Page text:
The biggest treat of them all was a surprise cameo from Mark Arm of Mudhoney, who guests on a truly blistering, hardcore run through Dead Boys cover "Sonic Reducer." With a performance that raw and rough and with Arm, a legend from the Seattle music scene (who started out with Pearl Jam bassist Jeff Ament and guitarist Stone Gossard in Seattle's now legendary early grunge/hard rock/punk band Green River in the mid-'80s), it's no wonder the concert has been so sought after over the years.
Still, what I don't understand is why, for $25 for the whole package, Epic just didn't include the whole, two-hour show on two discs, as Vs.-era cuts like "Go," "Animal," Vitalogy tunes like "Better Man" and other essentials like "State of Love And Trust" were left off, as was the real show closer, a cover of The Beatles' rocker "I've Got A Feeling."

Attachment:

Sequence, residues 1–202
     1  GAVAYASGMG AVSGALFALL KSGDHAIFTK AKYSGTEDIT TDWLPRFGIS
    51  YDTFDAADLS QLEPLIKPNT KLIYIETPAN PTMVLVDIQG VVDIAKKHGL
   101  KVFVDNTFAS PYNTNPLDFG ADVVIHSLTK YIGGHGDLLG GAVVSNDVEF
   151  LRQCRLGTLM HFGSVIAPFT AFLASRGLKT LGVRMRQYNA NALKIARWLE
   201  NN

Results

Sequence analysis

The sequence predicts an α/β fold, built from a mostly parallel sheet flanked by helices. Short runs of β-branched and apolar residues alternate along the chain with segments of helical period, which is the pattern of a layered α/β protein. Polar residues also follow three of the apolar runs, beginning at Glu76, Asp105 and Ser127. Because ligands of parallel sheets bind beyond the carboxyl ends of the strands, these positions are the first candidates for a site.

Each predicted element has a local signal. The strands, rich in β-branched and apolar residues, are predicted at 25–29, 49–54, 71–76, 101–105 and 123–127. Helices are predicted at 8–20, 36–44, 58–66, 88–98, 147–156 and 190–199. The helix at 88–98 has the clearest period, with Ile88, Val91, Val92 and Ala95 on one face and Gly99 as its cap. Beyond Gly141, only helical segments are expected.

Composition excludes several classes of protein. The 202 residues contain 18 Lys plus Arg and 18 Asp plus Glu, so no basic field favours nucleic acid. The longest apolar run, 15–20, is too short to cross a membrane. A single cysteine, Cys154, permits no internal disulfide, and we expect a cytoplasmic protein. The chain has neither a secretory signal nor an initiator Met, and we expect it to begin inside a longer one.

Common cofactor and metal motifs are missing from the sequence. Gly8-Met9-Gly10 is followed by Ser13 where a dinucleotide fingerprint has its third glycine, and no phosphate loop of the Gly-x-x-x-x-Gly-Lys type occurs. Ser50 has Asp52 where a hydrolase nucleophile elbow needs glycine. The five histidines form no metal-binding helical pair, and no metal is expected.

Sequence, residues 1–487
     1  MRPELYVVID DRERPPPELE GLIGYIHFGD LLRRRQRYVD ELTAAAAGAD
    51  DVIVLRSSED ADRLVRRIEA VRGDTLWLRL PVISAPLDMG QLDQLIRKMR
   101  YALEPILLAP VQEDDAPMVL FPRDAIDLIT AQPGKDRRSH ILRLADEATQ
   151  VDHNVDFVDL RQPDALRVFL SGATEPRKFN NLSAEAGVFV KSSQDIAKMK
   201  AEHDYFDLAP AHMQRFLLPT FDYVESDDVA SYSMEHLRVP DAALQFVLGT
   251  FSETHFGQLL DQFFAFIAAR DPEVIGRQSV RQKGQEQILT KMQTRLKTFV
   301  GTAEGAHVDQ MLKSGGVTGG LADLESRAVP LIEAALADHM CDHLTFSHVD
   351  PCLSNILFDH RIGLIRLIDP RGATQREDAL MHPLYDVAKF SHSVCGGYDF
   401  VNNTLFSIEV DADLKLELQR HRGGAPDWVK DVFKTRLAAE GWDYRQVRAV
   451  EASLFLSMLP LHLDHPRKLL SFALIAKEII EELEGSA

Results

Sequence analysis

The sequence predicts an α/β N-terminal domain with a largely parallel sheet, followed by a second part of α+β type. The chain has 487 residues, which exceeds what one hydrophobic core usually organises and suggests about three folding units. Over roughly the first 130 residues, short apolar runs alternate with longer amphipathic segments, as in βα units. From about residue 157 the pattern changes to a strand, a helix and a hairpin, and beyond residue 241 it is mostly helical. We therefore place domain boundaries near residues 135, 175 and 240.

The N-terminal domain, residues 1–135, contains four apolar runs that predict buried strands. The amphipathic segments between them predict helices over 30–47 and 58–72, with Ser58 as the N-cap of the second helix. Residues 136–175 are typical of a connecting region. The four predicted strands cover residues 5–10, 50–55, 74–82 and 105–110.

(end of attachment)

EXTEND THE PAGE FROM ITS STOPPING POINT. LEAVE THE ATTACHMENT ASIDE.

These albums sounded terrific to begin with (thanks to producer Brendan O'Brien), so they didn't need a whole lot of remastering. That said, there does seem to be a more even balance in sound when it comes to hearing multiple layers of guitar parts (as in "Daughter"), and the drums seem to be a bit richer all around. And Jeff Ament's bass sound in "Go" has so much loud action to it that it resembles a mac truck coming through your stereo system.
The Bottom Line:
Vs. and Vitalogy, like Ten before them, are landmark Pearl Jam albums essential for any fan. The band has pretty much emptied the vaults on those eras, so what bonus tracks were included only slightly enhance the releases but are otherwise not that essential (unless you are the type that needs to have all PJ demos and outtakes). My only true disappointment is in the bonus disc, and that isn't based on what was included but what was excluded (one-third of the 24-song Boston set). That said, I still highly recommend this release, but only to Pearl Jam fans who don't already have these albums on CD (as opposed to vinyl and cassette), in which case this new release is indeed a worthy upgrade.